Jerome on Naval Warfare

Those who fight in naval combat turn their rudders, draw out their oars, and prepare their iron grapples and hooks beforehand in port. They arrange the soldiers on the decks and get them used to standing with smooth footing even on a slippery surface. They do this so that what they have learned in a practice fight they do not fear in a real battle. So it is with me.

Qui navali praelio dimicaturi sunt, ante in portu et in tranquillo mari flectunt gubernacula, remos trahunt, ferreas manus, et uncos praeparant, dispositumque per tabulata militem, pendente gradu, et labente vestigio stare firmiter assuescunt, ut quod in simulacro pugnae didicerint, in vero certamine non pertimiscant. Ita et ego.

—Jerome, Vita Malchi monachi captivi 1

Jerome on Beginnings

What, then, should I do? I cannot satisfy and I dare not deny. I am an unskilled passenger put in charge of a freight ship; I am a man who has not yet commanded a rowboat and is entrusted to the crashing of the Euxine Sea. Now, with the land fading, “sky on every side, and on every side the sea,” now a shadowy wave rises up, and in a night gloomy with rainclouds, foamy surges grow white. You urge me to hoist my swelling sails, to loosen the halyards, to take the helm.

I submit to your demands. And because love has power over all things, I will entrust my course to the Holy Spirit as my guide, and will have this as my solace, whatever my lot. If the sea-swell pushes me into wished-for ports, I will be considered an inferior pilot; if my unrefined way of speaking instead puts us in the choppy channels of speaking, you may perhaps question my ability, but you certainly will not be able to criticize my intent.

Quid igitur faciam? quod implere non possum, negare non audeo. Super onerariam navem rudis vector imponor. Et homo, qui necdum scalmum in lacu rexi, Euxini maris credor fragoribus. Nunc mihi evanescentibus terris, “coelum undique et undique pontus” [Virg. Aen. 5.9]: nunc unda tenebris inhorrescit, et caeca nocte nimborum spumei fluctus canescunt. Hortaris, ut tumida malo vela suspendam, rudentes explicem, clavum regam.

Pareo iam iubenti, et quia caritas omnia potest, Spiritu Sancto cursum prosequente confidam, habiturus in utraque parte solatium; si me ad optatos portus aestus impulerit, gubernator putabor infirmior; si inter asperos orationis anfractus impolitus sermo substiterit, facultatem forsitan quaeras, voluntatem certe flagitare non poteris.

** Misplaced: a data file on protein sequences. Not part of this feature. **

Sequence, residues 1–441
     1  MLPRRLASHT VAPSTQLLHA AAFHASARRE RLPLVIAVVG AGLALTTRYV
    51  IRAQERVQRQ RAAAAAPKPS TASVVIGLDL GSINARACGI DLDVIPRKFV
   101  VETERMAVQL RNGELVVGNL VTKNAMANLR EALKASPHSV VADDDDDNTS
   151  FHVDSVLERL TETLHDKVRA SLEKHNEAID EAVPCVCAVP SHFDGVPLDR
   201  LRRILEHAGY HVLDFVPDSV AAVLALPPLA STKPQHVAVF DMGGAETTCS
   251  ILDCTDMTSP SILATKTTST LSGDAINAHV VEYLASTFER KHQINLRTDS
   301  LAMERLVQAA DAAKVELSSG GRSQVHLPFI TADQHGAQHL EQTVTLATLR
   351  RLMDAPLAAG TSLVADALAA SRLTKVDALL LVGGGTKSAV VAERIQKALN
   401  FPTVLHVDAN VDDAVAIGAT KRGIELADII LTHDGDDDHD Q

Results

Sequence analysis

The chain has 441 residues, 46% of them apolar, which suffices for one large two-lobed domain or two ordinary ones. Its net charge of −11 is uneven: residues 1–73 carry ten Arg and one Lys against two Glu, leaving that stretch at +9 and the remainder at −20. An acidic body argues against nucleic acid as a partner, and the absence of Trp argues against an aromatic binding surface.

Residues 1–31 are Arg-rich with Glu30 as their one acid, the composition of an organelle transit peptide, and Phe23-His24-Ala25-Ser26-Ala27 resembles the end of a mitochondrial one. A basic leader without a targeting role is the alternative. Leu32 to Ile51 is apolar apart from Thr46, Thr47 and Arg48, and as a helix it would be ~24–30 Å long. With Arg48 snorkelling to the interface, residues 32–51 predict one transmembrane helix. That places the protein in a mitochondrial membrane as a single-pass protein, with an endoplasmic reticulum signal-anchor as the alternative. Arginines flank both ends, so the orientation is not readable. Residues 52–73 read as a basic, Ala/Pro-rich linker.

—Jerome, Epistulae 1.2

Jerome on an “Illustrious” Man

Tiberian, the Baetican, wrote a bloated and contrived defense of himself while he was under suspicion after being accused of heresy along with Priscillian. But after his friends died, he was overcome by the tedium of his exile and changed his mind, and just as in the holy scriptures a dog returns to its vomit, he married a girl devoted as a virgin to Christ.

Tiberianus, Baeticus, scripsit pro suspicione, qua cum Priscilliano accusabatur haereseos, apologeticum tumenti compositoque sermone; sed post suorum caedem, taedio victus exsilii, mutavit propositum, et juxta sanctam Scripturam, canis reversus ad vomitum suum [Prov 16.11; 2 Pet 2.22], filiam, devotam Christo virginem, matrimonio copulavit.

—Jerome, De viris illustribus 123

A Post-Classical Classical Insult

You are either Mercury, on account of his love of money—or Nocturnus, who in Plautus’ Amphitryon slept while Jupiter joined Alcmene in adultery for two nights, which led to brawny Hercules being born—or certainly Father Liber, for his drunkenness, and the jug hanging from his shoulder, and his perpetually red face, and his foaming lips, and his violent outbursts.

…te esse aut Mercurium propter nummorum cupiditatem; aut Nocturnum, iuxta Plauti Amphitryonem, quo dormiente, in Alcmenae adulterio, duas noctes Jupiter copulavit, ut magnae fortitudinis Hercules nasceretur ; aut certe Liberum patrem pro ebrietate et cantaro ex humeris dependente, et semper rubente facie, et spumantibus labiis, effrenatisque conviciis.

—Jerome, Contra Vigilantium 10

Worth noting that the erudite Jerome names Father Liber instead of just Bacchus, I think.